O'Neill, Sara Benedicta

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Lay apostle; b. Chicago, Ill., March 17, 1869; d. Chicago, Jan. 11, 1954. She studied romance languages at Northwestern University in Evanston, Ill., and, much later, library science at the University of Chicago. She taught for 35 years at Tilden Public High School in Chicago. Through her friendship with Ellen Gates Starr, a convert and a coworker of Jane Addams of Hull House, she acquired an admiration for the Benedictines and the contributions they had made through their libraries. During her life she made five trips to the Benedictine monastery of Monte Cassino in Italy and also visited the monasteries of Maria Laach and Beuron in Germany.

She was professed as an oblate of St. Benedict at Monte Cassino on Aug. 4, 1902. At that time she conceived the idea of a library that would serve the cultural, religious, and intellectual interests of people in the Loop of Chicago. She spent the next 25 years interesting her friends and associates in the project. The St. Benedict Library, finally established on Oct. 30, 1931, became a rendezvous for writers and intellectuals and afforded them an opportunity to meet informally. She was also known as an apostle of the liturgical movement when the phrase was hardly known to most lay Catholics.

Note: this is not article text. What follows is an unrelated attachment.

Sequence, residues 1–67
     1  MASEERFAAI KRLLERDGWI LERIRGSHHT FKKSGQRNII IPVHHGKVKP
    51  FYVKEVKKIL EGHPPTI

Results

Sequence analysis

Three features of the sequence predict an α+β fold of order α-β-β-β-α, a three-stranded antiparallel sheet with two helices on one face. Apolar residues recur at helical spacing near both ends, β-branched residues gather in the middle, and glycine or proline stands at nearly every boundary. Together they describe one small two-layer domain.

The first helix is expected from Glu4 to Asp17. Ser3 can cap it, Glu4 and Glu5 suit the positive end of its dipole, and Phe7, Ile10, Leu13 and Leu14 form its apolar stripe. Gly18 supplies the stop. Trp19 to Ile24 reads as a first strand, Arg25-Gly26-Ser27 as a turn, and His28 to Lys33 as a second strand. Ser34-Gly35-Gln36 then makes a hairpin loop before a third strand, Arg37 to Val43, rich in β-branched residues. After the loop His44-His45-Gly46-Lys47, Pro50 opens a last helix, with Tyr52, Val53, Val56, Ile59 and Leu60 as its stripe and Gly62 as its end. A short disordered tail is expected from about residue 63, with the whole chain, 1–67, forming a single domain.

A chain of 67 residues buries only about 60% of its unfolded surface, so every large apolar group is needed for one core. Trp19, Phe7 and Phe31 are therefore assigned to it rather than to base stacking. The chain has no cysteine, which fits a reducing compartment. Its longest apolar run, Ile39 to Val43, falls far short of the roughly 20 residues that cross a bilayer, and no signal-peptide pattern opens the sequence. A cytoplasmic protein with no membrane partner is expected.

[e. v. cardinal]

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